The basic idea of resilience is that it’s not the difficulties we’re faced with which are problematic, but rather the way we deal with them.
The term ‘resilience’ comes from physics and has solidly established itself in many different scientific fields. It describes the phenomenon of an object being able to withstand a great deal of pressure or stress without incurring damage, and to quickly reassume its original shape. A sponge is a demonstrative example – it can be squeezed together and afterwards it immediately returns to its original form. Resilience is about the ability to stay focused during stressful situations and to move ahead after setbacks, to make sense of difficult situations and to have an optimistic view of the future.
Scientific surveys suggest that resilience can be strongly influenced by our thinking and our actions. This means that everyone can strengthen this form of resistance – resilience is trainable!
Various studies have identified different resilience factors. Seven of the most well-known factors are as follows:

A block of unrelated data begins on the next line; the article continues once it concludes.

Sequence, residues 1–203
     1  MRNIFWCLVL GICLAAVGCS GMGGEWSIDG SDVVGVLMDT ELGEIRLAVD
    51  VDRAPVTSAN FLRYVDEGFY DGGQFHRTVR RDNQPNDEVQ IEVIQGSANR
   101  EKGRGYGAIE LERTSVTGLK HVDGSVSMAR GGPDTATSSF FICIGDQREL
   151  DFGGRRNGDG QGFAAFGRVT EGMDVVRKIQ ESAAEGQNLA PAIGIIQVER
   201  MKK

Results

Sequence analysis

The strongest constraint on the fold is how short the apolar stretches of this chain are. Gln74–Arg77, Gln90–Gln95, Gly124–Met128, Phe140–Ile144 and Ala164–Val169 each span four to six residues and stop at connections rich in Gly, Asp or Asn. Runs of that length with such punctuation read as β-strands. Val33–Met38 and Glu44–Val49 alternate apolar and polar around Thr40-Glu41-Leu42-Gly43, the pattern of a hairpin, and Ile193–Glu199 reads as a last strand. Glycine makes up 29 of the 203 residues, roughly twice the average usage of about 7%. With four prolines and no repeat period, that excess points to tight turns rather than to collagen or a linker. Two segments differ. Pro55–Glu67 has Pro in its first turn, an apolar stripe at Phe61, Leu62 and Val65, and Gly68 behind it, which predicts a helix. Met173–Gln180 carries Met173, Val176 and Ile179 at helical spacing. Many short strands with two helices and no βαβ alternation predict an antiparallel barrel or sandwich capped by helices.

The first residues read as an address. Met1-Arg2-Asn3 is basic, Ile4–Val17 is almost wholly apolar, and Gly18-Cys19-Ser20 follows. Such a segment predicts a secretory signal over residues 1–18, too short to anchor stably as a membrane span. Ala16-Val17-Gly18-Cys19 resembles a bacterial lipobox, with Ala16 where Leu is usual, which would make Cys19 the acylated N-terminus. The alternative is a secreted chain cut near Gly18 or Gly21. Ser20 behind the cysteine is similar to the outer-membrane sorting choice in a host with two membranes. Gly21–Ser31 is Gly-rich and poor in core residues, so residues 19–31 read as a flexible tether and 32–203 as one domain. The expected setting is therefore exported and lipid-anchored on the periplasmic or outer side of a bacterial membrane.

- Emotional Regulation: I can experience all feelings (negative and positive) and decide myself how they influence me. For instance, I’m able to cope with anger so that it doesn’t impair me.
- Impulse Control: I don’t have to always act on my initial impulses.
- Causal Analysis: I can recognize the underlying reasons for a situation and my own state of being and am honest with myself while doing so.
- Realistic Optimism: I firmly believe that things can take a turn for the better.
- Self-efficacy: I know that through my actions, I can help things take a turn for the better.
- Goal Orientation: I have a clear, realistic view of my goals and work towards them, I adjust them when necessary and I don’t let setbacks discourage me.
- Empathy: I can change my perspective and put myself in someone else’s situation.
- Reivich, K., Shatté, A. (2003): The Resilience Factor. Broadway Books, USA
- K. Connor, J. Davidson, 2003: Development of a new Resilience Scale: The Connor-Davidson resilience scale (CD-RISC). Depression and Anxiety 18, 76-82.
- K. Leppert, 2008: Die Resilienzskala (RS) - Überprüfung der Langform RS-25 und einer Kurzform RS-13. Klinische Diagnostik und Evaluation.
- Rehberg, M. (2015): Agile Moves: Mit kontinuierlichem Training zur Selbstorganisation in agilen Teams in: Informatik aktuell, 19.05.2015
- Kainzbauer, S., Brandhuber, W. (2015): Teamresilienz - das eigentliche Fundament agiler Entwicklung in: Informatik aktuell, 16.06.2015
- Kainzbauer, S., Brandhuber, W. (2015): Teamresilienz in der Praxis in: Informatik aktuell, 08.09.2015